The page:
the musical selection of “World Africa” #142

the musical selection of “World Africa” #142

Each Wednesday, The World Africa presents three new musical releases from or inspired by the continent. This week, back to the 1970s and 1980s with the Libyan group The Free Music, the most Nigerian of Cameroonian musicians, Nkono Teles, and Congolese jack-of-all-trades Maurice Pouto Doudongo.

“Ana Qalbi Ehtar” by The Free Music

In 2021, Habibi Funk had included in the second part of its compilation An Eclectic Selection of Music from the Arab World an astonishing revival of stayin’ alive, of the Bee Gees, by a certain Najib Al Housh. At the time, the German label did not rule out later devoting entire reissues to some of the artists presented. This will be done on March 17 with The Free Music, a disc which unearths nine pieces of the eponymous group formed by the artist Libyan, selected from a discography of ten self-produced albums from the 1970s and remained relatively confidential. A unique mix between funk, disco, soul and reggae, for which Habibi Funk already promises a second volume…

“Martin Street Special” by Nkono Teles

The same approach for Soundway Records, which released a compilation in 2016 devoted to the Nigerian scene of the 1980s, Doing it in Lagoswhich featured a musician Cameroonian by the name of Nkono Teles. With Love Vibration, to be released on March 24, the British label takes a closer look at the work of this “pioneer” electronic music to Nigeria, of which he collected six tracks from his three solo albums. A talented keyboardist, Nkono Teles had introduced the drum machine into local popular music and, quickly breaking away from the makossa of his native country, had created a sound boogie funk which had earned him the opportunity to produce the albums of many Nigerian artists.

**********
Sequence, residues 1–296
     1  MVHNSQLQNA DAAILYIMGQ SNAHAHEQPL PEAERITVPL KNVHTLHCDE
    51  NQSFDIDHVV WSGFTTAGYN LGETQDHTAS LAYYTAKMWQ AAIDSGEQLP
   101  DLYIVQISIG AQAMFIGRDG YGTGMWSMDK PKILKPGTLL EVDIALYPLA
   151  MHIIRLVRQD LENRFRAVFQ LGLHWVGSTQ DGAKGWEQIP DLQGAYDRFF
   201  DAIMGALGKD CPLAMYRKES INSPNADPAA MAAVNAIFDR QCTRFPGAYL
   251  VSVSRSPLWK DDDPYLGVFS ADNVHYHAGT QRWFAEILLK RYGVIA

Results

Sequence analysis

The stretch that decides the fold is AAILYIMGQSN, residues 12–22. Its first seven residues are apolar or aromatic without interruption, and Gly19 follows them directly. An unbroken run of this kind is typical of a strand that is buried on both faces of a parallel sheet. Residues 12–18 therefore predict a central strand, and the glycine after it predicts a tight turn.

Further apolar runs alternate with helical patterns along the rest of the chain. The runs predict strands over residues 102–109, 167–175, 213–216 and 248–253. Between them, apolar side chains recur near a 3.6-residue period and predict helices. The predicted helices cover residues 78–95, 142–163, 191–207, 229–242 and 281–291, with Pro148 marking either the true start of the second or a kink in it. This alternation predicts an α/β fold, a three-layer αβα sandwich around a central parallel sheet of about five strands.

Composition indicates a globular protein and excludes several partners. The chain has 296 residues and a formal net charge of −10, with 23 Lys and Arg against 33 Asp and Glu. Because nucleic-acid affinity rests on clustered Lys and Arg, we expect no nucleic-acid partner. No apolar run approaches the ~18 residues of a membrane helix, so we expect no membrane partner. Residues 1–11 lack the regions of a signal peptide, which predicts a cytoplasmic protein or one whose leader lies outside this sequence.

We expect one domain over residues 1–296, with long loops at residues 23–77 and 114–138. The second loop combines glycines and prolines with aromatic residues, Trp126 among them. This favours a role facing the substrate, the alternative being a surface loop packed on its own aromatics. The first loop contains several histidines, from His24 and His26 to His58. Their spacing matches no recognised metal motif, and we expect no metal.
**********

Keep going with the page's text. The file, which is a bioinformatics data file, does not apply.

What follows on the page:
“Tika” by Maurice Pouto Doudongo

Also in the 1980s, a musician Congolese named Maurice Poto Doudongo multiplies the experiments in Brussels after having cut his teeth alongside the soukous group Zaïko Langa Langa in Kinshasa. In his twenties, he collaborates with the Franco-Congolese duo Zazou Bikaye then decides to record a solo album in which he sings and plays all the instruments (synths, guitars…). The result, which mixes electronic music, Congolese rumba and funk, with here and there touches of jazz, hip-hop and reggae, will not see the light of day in the end… until the Belgian label Crammed Discs releases it in digital, last December, under the name of The Lost Album.

Read also: Blues without borders: the musical selection of “World Africa” ​​#141

Find all the musical favorites of the editorial staff in the youtube playlist of World Africa.

Marseille, Musical Tower of Babel

From March 23 to 24, Marseille is hosting Babel Music XP, an event dedicated to current world music, which brings together economic and cultural players and the general public. Some 2,000 professionals will thus meet at the Friche La Belle de Mai cultural center for round tables, conferences, screenings, debates, workshops, award ceremonies, speed meetings, etc.

As for concerts, a festival will take place at the Dock des Suds, with in particular, as far as African artists are concerned, the Congolese of Fulu Miziki Kollektiv, the Franco-Ethiopian group Kututhe singers of Heiresses (which pay tribute to the Algerian Cheikha Rimitti), the Franco-Moroccan duo Taxi Kebabbut also the Reunionese fromAn’Pagay and Soval Chaviré… The complete program is available on the event website.

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